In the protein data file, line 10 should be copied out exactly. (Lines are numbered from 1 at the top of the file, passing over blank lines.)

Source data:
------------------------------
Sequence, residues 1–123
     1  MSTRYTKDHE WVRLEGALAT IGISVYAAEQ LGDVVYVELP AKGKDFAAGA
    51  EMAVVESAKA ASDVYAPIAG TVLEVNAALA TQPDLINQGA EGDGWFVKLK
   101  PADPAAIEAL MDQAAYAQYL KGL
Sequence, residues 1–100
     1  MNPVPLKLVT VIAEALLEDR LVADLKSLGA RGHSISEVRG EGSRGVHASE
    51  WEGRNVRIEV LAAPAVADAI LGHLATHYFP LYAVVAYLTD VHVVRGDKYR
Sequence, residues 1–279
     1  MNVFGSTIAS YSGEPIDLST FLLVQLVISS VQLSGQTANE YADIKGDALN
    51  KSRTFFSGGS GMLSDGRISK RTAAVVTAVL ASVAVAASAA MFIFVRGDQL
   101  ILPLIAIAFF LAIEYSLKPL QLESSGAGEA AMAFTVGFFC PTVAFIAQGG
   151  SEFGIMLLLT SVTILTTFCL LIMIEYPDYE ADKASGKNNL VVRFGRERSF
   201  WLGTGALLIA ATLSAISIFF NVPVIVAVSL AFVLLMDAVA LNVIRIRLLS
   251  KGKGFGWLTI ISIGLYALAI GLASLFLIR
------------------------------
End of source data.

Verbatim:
    51  KSRTFFSGGS GMLSDGRISK RTAAVVTAVL ASVAVAASAA MFIFVRGDQL